In one sense, it’s just arguing over terms, but I do think proper nomenclature is important to understanding. But Mitchell has a point that “Socialism” and “Fascism” are too emotionally charged and may instead impede understanding. “Statism” is a good, neutral noun to use in their place, though I also like Goldberg’s (from H.G. Wells) “Liberal Fascism.”

Originally posted on International Liberty:

Regular readers may have noticed that I generally say that advocates of big government are “statists.”

I could call them “liberals,” but I don’t like that using that term since the early advocates of economic and personal liberty were “classical liberals” such as Adam Smith, John Locke, and Jean-Baptiste Say. And proponents of these ideas are still called “liberals” in Europe and Australia.

I could call them “socialists,” but I don’t think that’s technically accurate since the theory is based on government ownership of the means of production. This is why I’ve been in the strange position of defending Obama when some folks have used the S word to describe him.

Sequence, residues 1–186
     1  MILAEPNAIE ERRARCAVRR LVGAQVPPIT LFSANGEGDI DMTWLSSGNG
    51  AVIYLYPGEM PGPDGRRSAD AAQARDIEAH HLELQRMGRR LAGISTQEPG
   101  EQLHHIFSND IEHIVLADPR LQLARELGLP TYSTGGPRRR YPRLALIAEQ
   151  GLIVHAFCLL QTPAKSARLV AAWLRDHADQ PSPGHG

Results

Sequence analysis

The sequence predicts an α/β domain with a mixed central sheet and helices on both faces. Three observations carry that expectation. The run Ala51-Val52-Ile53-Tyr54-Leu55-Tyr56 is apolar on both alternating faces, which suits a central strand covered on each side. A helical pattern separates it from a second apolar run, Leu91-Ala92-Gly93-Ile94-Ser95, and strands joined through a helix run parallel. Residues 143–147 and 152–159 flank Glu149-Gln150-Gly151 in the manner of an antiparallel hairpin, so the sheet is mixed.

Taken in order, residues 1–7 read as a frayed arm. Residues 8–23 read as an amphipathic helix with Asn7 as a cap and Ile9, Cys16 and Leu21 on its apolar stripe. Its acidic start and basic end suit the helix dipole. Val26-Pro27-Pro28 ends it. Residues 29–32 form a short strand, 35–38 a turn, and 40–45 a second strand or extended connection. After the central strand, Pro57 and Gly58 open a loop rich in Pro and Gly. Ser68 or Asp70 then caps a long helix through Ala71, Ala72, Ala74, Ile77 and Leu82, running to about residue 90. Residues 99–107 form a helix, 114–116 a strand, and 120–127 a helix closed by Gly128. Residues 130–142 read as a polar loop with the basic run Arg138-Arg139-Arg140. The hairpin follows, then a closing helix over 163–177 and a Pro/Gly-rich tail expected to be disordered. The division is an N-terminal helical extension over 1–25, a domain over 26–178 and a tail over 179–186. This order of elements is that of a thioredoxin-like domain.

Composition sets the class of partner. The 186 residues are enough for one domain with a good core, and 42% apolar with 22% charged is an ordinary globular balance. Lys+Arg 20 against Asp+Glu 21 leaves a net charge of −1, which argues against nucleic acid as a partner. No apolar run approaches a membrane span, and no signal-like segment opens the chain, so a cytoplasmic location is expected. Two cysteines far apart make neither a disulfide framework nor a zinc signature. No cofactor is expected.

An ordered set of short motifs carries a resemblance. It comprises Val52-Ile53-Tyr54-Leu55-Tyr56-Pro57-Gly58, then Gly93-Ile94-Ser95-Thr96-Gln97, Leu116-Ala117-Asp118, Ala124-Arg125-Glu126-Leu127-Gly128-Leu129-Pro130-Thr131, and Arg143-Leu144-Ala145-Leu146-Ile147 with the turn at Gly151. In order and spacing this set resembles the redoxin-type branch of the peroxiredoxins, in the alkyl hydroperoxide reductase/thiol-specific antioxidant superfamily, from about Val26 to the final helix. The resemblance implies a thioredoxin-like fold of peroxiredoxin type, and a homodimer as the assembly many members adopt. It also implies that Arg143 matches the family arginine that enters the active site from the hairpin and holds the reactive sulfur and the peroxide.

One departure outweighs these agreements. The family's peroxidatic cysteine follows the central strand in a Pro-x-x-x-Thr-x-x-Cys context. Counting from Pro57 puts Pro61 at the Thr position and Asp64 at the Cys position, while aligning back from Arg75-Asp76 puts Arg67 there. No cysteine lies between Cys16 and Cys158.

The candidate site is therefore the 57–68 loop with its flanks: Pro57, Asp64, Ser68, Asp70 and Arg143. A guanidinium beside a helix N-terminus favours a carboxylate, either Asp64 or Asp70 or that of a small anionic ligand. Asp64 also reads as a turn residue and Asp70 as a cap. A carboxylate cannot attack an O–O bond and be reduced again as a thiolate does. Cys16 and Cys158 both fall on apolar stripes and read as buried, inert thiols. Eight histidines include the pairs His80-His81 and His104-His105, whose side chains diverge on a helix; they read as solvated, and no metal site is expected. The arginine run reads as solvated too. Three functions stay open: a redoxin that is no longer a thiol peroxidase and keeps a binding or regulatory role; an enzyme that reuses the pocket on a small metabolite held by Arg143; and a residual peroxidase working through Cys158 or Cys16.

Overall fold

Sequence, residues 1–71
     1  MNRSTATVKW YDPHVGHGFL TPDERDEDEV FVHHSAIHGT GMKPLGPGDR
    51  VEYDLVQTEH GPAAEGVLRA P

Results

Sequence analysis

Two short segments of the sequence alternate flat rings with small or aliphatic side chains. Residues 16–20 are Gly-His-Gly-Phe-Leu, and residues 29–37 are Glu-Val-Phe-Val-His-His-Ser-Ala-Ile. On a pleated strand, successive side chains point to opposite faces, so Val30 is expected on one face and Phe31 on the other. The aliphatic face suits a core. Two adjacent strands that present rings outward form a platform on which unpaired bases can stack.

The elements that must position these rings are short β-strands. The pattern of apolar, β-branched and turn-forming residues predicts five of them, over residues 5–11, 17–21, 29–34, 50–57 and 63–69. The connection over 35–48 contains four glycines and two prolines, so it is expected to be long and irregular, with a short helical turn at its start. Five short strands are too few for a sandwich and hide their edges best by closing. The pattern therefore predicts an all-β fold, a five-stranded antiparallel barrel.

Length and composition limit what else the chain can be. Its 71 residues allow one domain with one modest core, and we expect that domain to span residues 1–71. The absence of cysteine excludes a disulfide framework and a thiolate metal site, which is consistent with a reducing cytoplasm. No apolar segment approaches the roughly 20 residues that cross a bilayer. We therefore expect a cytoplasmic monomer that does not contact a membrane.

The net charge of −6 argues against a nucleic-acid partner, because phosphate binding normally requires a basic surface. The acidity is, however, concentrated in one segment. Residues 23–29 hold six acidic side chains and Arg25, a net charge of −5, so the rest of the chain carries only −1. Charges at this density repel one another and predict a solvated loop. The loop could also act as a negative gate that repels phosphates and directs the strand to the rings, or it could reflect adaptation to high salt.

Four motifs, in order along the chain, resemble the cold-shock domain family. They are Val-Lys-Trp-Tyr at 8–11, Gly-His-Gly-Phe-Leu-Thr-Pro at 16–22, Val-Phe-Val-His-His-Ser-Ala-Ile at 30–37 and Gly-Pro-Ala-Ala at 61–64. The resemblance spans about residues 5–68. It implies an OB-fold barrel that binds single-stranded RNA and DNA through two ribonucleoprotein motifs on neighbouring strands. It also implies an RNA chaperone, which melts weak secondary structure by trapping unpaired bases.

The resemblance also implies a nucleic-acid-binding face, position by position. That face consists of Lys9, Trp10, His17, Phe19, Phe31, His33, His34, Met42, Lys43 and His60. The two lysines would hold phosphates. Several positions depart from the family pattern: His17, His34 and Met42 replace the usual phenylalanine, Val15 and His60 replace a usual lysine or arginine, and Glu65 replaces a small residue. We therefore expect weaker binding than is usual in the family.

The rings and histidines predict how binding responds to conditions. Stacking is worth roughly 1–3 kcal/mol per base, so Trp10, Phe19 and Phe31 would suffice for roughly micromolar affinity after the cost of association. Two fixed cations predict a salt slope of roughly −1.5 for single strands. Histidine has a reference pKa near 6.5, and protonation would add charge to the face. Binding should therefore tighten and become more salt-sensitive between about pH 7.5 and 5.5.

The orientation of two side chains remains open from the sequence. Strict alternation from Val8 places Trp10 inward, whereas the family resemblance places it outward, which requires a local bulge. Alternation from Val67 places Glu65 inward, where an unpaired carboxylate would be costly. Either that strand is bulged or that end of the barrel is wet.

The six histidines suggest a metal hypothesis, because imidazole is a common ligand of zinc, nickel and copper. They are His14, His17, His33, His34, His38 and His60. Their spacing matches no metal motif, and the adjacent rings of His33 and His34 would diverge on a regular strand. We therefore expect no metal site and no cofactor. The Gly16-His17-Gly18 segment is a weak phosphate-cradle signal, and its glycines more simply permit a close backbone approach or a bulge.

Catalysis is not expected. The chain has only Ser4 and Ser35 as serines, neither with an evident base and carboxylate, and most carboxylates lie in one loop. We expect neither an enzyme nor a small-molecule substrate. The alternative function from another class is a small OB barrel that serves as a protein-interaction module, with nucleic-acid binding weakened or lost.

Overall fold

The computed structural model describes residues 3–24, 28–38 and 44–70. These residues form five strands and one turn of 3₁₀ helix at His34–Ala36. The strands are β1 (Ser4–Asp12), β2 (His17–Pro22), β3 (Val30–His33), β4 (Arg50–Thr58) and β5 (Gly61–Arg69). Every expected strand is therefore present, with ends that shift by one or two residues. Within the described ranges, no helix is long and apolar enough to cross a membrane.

I could call them “fascists,” which Thomas Sowell explains is the most accurate way of describing the modern left’s economic ideology, but that term also implies racism. But while leftists sometimes support policies that hurt minorities

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New York City Is About to Become New France

November 7, 2013

Phineas Fahrquar:

By electing de Blasio, New York City has put itself back on a path at the end of which lies the corpse of Detroit.

Originally posted on International Liberty:

We know that countries suffer when taxes get too high, in part because investors, entrepreneurs, and other successful taxpayers escape to jurisdiction with less oppressive fiscal regimes. France is a glaring example. On steroids.

We know that states also suffer when the tax burden becomes to onerous, leading to an exodus of jobs and investment.Jerry Brown Promised LandCalifornia and Illinois are case studies of this self-destructive practice.

But it’s especially foolish for state governments to over-tax because it’s relatively easy to move from one state to another. Escaping a high-tax nation, by contrast, is a much costlier step and some governments impose quasi-totalitarian barriers to emigration.